Refactoring means, in simplest possible terms, improving existing code without changing its functionality. It’s all about code quality and optimisation, not product redesign. Users never see the changes. So why do it? Because ultimately, refactoring can prevent your app from generating huge upkeep costs and, as a result, make your business more successful.
The basic aim behind refactoring is as follows: to fix problems in the code but keep its current functionality. You modify and restructure what you or other developers on the team have written, but the product stays more or less the same. Refactoring is not about improving users’ interactions with the product - it's about the developers’ interactions with the codebase. Refactoring makes the code more readable to the current (and, importantly, future) developers working on it. It’s then easier – and cheaper – for them to continue developing and maintaining the product.
A ‘refactor’ means a single change in the code. To make or do a refactor means to introduce a particular fix which, in accordance with the above definition, enhances the code’s quality. Here are some extra reasons to do it, if you weren’t convinced already.
If you think about it, making errors when coding is inevitable. Maybe there are geniuses out there who always write clean and flawless code, but if so, they are rare. You can’t expect super-human performance from your development team, and you have to accept that their mistakes will be part and parcel of the development process.
Just like refactoring, fixing those mistakes is a part of the process.
If you see a code fragment that could have been written better, improve it. Immediately. If you don’t do it often enough, your product will suffer as current risks lead to future problems.
Refactoring helps developers understand how the product works and what it’s supposed to do. They are more engaged in the project, can easily delegate tasks to other developers (who should now have no trouble reading and working with more understandable code), and can take full advantage of others’ work thanks to, for instance, clearer methods. It’s best to put everything a developer needs to know into the code, so comments and remembering a lot of information become unnecessary.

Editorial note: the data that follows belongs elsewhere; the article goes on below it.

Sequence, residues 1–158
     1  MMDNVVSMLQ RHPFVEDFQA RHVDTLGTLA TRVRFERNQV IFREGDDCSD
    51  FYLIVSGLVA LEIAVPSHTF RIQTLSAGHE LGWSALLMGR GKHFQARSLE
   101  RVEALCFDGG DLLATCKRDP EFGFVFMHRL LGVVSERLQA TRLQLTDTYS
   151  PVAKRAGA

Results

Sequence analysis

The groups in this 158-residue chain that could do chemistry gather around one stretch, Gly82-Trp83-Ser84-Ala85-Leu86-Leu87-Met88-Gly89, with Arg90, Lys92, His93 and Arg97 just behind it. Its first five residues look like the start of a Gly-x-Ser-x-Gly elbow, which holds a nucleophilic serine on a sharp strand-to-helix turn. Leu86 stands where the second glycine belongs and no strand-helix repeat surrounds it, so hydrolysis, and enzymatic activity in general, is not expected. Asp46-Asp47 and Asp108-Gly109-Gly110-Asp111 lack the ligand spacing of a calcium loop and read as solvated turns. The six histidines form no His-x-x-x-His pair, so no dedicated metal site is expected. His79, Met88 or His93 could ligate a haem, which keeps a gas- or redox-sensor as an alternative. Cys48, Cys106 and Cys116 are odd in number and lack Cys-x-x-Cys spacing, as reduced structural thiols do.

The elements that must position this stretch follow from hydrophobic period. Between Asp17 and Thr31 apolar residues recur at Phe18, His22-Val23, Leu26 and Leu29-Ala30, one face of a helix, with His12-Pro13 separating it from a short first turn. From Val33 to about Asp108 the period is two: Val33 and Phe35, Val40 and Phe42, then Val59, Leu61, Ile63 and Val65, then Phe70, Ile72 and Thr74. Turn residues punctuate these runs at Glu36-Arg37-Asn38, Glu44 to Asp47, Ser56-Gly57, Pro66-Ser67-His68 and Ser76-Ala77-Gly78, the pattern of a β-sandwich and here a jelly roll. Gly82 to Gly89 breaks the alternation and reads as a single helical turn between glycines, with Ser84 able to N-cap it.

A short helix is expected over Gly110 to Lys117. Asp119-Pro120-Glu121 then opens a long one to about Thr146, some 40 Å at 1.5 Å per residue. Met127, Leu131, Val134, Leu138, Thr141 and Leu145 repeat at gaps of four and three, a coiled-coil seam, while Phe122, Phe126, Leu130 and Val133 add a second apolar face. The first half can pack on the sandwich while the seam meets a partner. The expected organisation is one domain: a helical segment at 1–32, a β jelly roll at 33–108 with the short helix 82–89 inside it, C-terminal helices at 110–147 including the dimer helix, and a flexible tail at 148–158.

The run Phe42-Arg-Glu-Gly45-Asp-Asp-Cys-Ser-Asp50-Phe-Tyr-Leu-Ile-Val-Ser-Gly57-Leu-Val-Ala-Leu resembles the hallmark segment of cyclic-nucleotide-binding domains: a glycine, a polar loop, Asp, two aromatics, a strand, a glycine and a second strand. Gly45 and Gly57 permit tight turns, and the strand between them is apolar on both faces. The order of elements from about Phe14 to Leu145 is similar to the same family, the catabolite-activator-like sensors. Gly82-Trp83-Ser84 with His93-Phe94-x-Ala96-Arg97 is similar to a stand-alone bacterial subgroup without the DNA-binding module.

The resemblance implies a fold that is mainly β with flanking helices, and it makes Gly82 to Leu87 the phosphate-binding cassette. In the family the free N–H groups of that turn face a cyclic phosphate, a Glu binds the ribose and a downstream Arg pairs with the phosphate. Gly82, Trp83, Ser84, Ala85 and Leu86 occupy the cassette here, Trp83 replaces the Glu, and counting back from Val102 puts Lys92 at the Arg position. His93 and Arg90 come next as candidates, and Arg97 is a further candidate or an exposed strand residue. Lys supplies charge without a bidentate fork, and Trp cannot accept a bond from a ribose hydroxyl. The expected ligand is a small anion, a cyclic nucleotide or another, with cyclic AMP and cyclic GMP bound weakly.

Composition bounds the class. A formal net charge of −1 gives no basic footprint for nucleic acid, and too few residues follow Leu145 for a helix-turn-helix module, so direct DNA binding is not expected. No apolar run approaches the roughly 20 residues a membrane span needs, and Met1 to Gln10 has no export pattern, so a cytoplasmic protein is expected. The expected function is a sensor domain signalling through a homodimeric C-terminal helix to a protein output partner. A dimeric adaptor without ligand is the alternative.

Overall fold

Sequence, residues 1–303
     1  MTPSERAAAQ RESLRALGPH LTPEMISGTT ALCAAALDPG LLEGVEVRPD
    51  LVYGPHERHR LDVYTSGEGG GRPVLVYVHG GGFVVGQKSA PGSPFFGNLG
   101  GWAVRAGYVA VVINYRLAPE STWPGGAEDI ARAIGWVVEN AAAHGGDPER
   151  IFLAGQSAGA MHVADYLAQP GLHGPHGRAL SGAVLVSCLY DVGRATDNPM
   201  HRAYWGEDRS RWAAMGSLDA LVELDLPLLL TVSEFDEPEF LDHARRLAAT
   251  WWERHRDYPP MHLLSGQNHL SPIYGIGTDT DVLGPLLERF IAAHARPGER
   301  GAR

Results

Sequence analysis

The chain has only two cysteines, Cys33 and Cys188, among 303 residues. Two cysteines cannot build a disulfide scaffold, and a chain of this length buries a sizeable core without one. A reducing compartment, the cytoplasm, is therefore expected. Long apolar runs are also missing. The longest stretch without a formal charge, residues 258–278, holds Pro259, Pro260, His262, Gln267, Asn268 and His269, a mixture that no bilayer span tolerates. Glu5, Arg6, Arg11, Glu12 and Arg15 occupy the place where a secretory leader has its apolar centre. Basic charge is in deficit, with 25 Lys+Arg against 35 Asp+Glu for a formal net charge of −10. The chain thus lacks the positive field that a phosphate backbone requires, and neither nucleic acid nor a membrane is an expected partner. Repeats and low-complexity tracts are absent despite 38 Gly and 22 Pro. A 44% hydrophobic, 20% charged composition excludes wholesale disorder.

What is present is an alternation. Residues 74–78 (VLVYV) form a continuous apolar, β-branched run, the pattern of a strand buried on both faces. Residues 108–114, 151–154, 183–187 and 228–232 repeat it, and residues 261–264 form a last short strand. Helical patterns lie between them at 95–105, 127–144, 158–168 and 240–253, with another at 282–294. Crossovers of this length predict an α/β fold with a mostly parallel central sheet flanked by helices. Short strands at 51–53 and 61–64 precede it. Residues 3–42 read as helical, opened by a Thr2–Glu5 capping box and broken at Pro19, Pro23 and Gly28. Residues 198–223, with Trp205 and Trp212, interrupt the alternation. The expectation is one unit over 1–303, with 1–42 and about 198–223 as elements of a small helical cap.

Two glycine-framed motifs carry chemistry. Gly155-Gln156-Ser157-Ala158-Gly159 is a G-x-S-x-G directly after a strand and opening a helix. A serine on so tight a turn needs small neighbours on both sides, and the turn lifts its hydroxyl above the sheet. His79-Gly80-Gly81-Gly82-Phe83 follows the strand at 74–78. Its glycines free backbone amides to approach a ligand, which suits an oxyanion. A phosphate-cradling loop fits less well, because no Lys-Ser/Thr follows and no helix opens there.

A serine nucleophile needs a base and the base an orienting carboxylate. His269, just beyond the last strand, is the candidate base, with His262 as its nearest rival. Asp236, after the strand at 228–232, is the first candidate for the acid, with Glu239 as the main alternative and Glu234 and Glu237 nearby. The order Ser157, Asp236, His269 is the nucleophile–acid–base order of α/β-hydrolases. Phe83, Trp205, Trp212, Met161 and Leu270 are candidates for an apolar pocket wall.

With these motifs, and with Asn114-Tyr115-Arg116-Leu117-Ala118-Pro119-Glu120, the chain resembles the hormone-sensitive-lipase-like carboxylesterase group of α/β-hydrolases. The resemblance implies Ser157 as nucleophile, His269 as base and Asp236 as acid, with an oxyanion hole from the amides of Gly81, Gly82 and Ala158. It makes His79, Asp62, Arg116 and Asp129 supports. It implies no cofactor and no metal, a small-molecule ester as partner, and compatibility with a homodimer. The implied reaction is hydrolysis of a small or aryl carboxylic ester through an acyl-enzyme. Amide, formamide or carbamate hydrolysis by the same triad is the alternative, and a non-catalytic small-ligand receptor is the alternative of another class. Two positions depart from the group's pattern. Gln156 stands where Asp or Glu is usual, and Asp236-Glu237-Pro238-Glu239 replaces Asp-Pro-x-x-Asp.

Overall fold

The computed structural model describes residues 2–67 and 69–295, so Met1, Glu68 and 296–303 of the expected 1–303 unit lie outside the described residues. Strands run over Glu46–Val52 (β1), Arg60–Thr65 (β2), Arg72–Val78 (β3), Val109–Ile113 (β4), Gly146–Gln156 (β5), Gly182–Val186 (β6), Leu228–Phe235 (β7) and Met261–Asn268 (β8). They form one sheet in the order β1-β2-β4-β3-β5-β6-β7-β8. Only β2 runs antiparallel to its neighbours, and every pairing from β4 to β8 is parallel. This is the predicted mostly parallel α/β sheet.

Clean code means that developers can easily see which fragments hold the most business value. Actually, clean code means developers can more easily spot separate elements in the code. You might think it should be obvious from the beginning which functionalities will matter most, but that’s a fallacy. It’s something you need to learn anew for every product you work on, because every product is different.
Projects get really expensive when you need to fix legacy code months or years down the line. With regular refactoring, developers find bugs more easily, which means a smaller QA budget and fewer hours spent on scrutinising the code by developers themselves. There will be no need to constantly go back and fix something that has become a blocker. By preventing problems from occurring rather than reacting to them, you will be able to achieve faster development. And obviously, the development work is the most expensive part of building a digital product.
Martin Fowler is a proponent of refactoring, and he knows what he’s talking about, because he’s been doing this for years. Fowler and other experts agree that building a product without any refactoring is a massive risk. Here, have some quotes:
All right, now that we’ve established that your project needs regular refactoring, how should you go about it?